I remember the night that everything went wrong. Just like every other night, I was sitting in my twin XL bed mindlessly scrolling through social media, responding to emails, and of course, checking Herrd. Normally, checking Herrd means that I silently cackle at a variety of different, sort of stupid (but still funny) posts as my roommate tries to sleep. But that night was different. Instead of funny content about partying or the Class of 2025, my timeline read: “Is anyone else dying right now?” and “I’m hacking up my left lung no cap.” Under the glow of the pink LED lights in my Walsh bedroom, I knew something bad was about to happen.
Unceremoniously, the next morning I woke up with “the tickle.” And dear God, did I wish I hadn’t. Like any good COVID-19-fearing college student, my first inclination was to panic. Thoughts like “Do I have COVID, or do I just need to sleep?” and “Oh my God if I test positive right now I’m going to miss parents’ weekend,” consumed my being as I made a beeline for the Plex’s testing center. Although I was panicking on the inside, I couldn’t let COVID-19 sense my fear. I pounded the Emergen-C equivalent of a moderate-sized orange grove and prepared to lay low until my results came back, a few queues from last year’s college playbook.
A few very long and anxiety-driven hours later, I got my results back. Thankfully, I tested negative for COVID-19, but positive for something else: the BC Plague. And after my concerning scroll through Herrd the previous night, I knew my fate was sealed. From the looks of it, members of the BC community were dropping like flies, and campus was slowly morphing into a Petri dish. Even in the center of the loudest, most populated places on campus, the booming coughs and stuffy noses of the fallen could be identified. And even worse, the silence of Bapst was lost to the not-so-occasional sniffle.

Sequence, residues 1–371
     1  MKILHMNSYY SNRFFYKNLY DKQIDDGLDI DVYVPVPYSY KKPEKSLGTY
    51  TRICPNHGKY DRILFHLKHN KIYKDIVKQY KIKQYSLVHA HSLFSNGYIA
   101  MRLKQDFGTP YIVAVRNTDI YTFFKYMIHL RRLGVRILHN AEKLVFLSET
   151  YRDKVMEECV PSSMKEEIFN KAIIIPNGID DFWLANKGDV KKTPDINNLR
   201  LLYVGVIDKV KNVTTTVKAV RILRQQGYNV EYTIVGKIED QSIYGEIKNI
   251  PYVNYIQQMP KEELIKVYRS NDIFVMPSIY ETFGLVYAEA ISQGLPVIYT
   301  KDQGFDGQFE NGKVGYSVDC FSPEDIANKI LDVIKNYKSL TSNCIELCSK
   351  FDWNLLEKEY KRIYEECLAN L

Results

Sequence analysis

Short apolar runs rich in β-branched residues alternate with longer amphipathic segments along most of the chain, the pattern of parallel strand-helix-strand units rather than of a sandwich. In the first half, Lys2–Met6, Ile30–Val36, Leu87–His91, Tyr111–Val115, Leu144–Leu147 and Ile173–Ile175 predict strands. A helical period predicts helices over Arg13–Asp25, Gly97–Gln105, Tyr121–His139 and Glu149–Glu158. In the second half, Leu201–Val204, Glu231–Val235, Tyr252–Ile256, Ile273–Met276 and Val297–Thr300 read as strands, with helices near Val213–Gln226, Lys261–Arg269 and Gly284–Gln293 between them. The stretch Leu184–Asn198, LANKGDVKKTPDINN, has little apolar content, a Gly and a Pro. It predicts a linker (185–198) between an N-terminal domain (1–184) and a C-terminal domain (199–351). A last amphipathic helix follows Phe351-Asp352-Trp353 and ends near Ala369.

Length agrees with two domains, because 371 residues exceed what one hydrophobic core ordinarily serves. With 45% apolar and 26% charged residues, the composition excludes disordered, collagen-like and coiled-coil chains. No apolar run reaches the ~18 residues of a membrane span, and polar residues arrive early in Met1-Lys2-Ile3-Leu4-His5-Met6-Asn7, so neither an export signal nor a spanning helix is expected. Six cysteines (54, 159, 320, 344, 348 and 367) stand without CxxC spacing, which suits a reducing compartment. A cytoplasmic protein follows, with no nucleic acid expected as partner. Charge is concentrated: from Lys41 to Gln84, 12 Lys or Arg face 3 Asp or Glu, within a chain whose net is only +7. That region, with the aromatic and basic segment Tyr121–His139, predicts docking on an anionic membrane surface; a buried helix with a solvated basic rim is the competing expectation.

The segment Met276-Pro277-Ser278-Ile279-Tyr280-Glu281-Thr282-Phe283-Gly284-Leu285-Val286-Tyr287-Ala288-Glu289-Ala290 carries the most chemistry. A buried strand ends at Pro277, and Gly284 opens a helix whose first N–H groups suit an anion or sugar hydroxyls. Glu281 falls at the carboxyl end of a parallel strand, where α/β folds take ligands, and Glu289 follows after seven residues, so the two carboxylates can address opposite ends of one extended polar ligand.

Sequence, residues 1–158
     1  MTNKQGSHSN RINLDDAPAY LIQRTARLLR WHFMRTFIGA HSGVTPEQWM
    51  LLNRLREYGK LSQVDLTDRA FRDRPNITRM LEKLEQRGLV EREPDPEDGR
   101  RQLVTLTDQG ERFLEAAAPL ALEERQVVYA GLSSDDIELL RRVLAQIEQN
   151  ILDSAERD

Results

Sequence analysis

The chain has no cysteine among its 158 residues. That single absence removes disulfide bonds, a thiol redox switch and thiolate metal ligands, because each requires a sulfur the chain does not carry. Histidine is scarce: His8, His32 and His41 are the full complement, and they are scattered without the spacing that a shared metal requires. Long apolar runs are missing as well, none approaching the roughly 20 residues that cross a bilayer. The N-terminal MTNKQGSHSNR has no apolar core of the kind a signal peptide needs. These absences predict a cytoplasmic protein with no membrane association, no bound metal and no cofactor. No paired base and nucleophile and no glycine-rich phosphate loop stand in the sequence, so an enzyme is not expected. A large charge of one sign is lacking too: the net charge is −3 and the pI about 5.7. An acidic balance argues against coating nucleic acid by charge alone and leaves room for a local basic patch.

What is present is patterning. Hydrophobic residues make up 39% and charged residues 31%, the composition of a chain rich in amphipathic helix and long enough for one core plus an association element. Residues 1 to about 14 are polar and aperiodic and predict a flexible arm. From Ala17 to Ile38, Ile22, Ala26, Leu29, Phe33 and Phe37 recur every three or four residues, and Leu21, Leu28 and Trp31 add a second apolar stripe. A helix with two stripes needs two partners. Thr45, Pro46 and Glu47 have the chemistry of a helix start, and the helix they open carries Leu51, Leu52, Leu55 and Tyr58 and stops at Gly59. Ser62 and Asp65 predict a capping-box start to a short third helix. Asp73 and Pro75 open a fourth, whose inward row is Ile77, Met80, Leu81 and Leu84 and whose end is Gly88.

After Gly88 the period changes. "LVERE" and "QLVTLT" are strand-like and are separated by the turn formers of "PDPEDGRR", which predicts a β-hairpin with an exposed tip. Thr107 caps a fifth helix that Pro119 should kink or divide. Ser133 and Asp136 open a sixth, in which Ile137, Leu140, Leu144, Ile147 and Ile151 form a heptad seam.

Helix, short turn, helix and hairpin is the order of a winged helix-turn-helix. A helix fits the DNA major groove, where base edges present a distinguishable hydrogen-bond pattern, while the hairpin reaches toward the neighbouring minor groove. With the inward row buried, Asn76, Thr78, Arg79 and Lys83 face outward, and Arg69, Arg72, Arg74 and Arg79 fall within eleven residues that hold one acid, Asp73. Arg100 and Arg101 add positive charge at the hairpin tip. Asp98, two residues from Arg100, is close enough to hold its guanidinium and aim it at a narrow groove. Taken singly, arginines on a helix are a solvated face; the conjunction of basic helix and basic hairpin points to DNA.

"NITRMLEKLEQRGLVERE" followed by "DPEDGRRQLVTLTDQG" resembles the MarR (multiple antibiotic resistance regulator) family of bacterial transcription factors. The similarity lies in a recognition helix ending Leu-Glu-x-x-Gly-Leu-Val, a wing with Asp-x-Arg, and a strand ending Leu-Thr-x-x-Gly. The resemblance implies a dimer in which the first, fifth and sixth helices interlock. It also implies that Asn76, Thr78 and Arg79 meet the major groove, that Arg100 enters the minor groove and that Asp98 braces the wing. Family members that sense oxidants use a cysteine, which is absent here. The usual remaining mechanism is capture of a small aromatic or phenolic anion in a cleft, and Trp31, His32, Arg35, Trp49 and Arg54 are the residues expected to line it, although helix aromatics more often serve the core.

Speaking as a member of the fatefully ill masses, classes that week were a physical and emotional battle. Armed with enough sanitizer to disinfect the most vile corner of my soul, I tried my best to keep it together. DayQuil, Liquid I.V., NyQuil, repeat, became my mantra as my symptoms became worse. I began to wear a mask to my classes once I realized that I couldn’t make it out of the classroom every time I felt the urge to cough or blow my nose.
For me, the decision to wear a mask was a complicated one. Part of me was concerned that wearing a mask would scare my classmates and friends into thinking I had been exposed to COVID-19 instead of just the generic BC Plague. But on the other hand, I felt odd going maskless, knowing that I was sick and potentially exposing others to the horrors of my ailments. This internal debate, I’ve grown to realize, is one that’s happening everywhere right now, and is a significant indication that things have changed. Personally, I think it’s smart to wear a mask even if you’re sick with something other than COVID-19, simply from a peace-of-mind perspective. Even though the BC Plague is more annoying than anything else, no unsuspecting stranger would realize that you have the BC Plague, and not COVID-19, by the way you blow your nose or cough. Plus, if you’re sick, there is no better way to deflect judgmental glares than with a nice medical-grade mask. This minor change in, and discussion of, personal behavior is just one of the ways the world is changing in the wake of the pandemic. Think about it, a short two years ago it was deemed commendable to roll up to class on your deathbed. And now, as much as a sniffle will earn you a hoard of crude stares.
Although so much has changed over the past two years, all of that “change,” until now, has felt temporary. At the start of the pandemic, and even as recently as this summer, I always assumed that one day things would just go back to “normal.” But as we gradually ease into what could potentially be normal, I’ve begun to make my peace with the fact that things will probably never be exactly the same as before. I don’t feel old enough to witness widespread societal change, but I guess I don’t really have a choice. Now, I imagine myself as an old woman, telling anyone who listens that “Back in my day, we went to school sick!” and “Your grandma lived through the global pandemic!” But until then, I send my sincerest condolences to anyone that has been victimized by the BC Plague and I hope we all stop coughing soon.
Featured Graphic by Heidy Lee/ Heights Staff